Chernobyl & The Atomic City of Yesterday
July 28, 2011
A supermarket in Pripyat.
Despite having read accounts of the resurgence of the pusha (deep forest) within the Exclusion Zone prior to our visit, I was still taken aback by the extent to which the forest had overtaken the territory in the 25 years since the explosion of Chernobyl Reactor 4. It was like something out of a Miyazaki film: a beautiful and insidious natural world exacting its revenge upon humans for years of abuse by ripping our structures apart at the seams while surrounding us with an imperceptible toxic miasma.
I’m being melodramatic, of course, but as we explored the ruins of supermarkets, cafes, schools and apartment blocks in the abandoned atomic city of Pripyat, I certainly felt like I was witnessing a reclamation of sorts taking place, or perhaps a new equilibrium being reached. We were intruders in a post-human landscape; where we had once made our homes, wolves and boars now made their dens (not that we saw any of these allegedly mythically sized wild beasts, to my great disappointment – there have been enough visitors now that they know to hide).
Meals took place in an old Soviet canteen with the Exclusion Zone workers, who were more than a little amused by our precautionary jumpsuits and masks. In the evening we hunkered down in our home base, the Guest House Chernobyl, collecting our thoughts and taking in presentations by Unknown Fields Collaborators Nelly Ben-Hayoun, Regina Peldszus of Space Flight Design, representatives from the Philips Design Probes and Jonathan Gales of Factory Fifteen.
Though we spent most of our time in the Zone exploring Pripyat, other highlights included a visit to the home of some re-settlers who had been evacuated post-meltdown and in recent years had chosen to (illegally) return to their farm, as well as an obligatory (and very brief) pit-stop at the Sarcophagus covering the remains of Reactor 4.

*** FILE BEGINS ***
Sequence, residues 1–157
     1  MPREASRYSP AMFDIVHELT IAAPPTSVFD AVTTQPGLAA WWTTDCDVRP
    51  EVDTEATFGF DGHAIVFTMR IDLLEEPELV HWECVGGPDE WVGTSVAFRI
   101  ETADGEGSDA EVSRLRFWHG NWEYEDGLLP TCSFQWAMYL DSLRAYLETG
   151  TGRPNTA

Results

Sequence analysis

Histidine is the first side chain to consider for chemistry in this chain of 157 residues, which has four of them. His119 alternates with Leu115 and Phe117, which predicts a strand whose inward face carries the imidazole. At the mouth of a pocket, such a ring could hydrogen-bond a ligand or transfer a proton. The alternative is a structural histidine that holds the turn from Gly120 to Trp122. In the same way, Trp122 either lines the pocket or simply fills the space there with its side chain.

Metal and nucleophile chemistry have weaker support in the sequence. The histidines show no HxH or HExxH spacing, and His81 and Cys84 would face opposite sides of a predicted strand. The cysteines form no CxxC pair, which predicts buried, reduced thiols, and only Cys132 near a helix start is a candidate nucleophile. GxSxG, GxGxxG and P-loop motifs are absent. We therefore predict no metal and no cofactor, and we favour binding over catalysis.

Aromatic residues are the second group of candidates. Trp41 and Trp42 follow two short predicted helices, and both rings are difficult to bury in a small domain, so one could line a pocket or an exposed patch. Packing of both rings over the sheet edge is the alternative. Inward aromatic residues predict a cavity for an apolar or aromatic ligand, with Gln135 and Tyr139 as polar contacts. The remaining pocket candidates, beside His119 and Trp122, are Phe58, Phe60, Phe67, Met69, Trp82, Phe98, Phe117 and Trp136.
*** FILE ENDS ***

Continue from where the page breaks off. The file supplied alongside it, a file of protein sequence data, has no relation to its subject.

The Chernobyl Exclusion Zone In Numbers:
Observed high for radioactivity in Pripyat: 1.5 micro-sieverts/hr (moss cluster by bumper cars in amusement park)
Background radiation level at the Guest House Chernobyl: .1319 micro-sieverts/hr (vs .07 micro-sieverts/hr in Kiev, the same level as London)
Estimated exposure of 10 minute visit to Reactor 4 Sarcophagus (at a distance of approximately 200m): (~3.5 miro-sieverts/hour) .58 micro-sieverts (roughly the equivalent of eating 6 bananas!)
Highest radiation level measured on our shoe-soles after an afternoon in Pripyat (measured by UC Berkeley post-industrial researcher Bryan Allen: .3421 miro-sieverts/hr
Articles of clothing disposed of post-visit: 6 (chucks, socks, jeans, sweater, jumpsuit, mask). Necessary? Probably not, but better safe than sorry, I figured. The main danger in the areas we explored was not radiation itself, but potentially inhaling radioactive particles or having them stick to your clothes & gear.
The parking lot of the supermarket in Pripyat.
Inside a mall.
Trees grow though the floorboards.
A school gymnasium.
A cafe terrace that overlooked what was once a cooling pond.
In a building that once housed a pool, lane markers are scattered around the rooms.
Inside a school, students’ gas masks blanket the floor.
Reactor 4, visible in the background, from the roof of an apartment building.
The Reactor 4 sarcophagus.
A settler within the Zone leads the group through his garden.
Inside the Canteen.
A radiation scanner.
All images (c) Joan Alicia Tom. Read her first and second installments here.